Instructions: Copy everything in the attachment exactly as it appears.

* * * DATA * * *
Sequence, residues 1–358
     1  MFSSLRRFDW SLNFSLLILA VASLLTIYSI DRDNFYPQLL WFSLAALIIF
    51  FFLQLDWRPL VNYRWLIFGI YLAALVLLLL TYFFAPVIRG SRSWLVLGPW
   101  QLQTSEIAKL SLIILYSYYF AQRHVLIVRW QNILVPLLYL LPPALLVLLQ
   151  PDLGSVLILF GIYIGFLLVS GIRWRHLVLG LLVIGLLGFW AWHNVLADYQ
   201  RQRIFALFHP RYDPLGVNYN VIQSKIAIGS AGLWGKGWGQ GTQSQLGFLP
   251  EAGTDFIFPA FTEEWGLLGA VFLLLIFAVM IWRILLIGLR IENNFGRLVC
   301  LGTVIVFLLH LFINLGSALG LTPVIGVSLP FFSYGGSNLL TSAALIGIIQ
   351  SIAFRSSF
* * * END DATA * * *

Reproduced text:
Sequence, residues 1–358
     1  MFSSLRRFDW SLNFSLLILA VASLLTIYSI DRDNFYPQLL WFSLAALIIF
    51  FFLQLDWRPL VNYRWLIFGI YLAALVLLLL TYFFAPVIRG SRSWLVLGPW
   101  QLQTSEIAKL SLIILYSYYF AQRHVLIVRW QNILVPLLYL LPPALLVLLQ
   151  PDLGSVLILF GIYIGFLLVS GIRWRHLVLG LLVIGLLGFW AWHNVLADYQ
   201  RQRIFALFHP RYDPLGVNYN VIQSKIAIGS AGLWGKGWGQ GTQSQLGFLP
   251  EAGTDFIFPA FTEEWGLLGA VFLLLIFAVM IWRILLIGLR IENNFGRLVC
   301  LGTVIVFLLH LFINLGSALG LTPVIGVSLP FFSYGGSNLL TSAALIGIIQ
   351  SIAFRSSF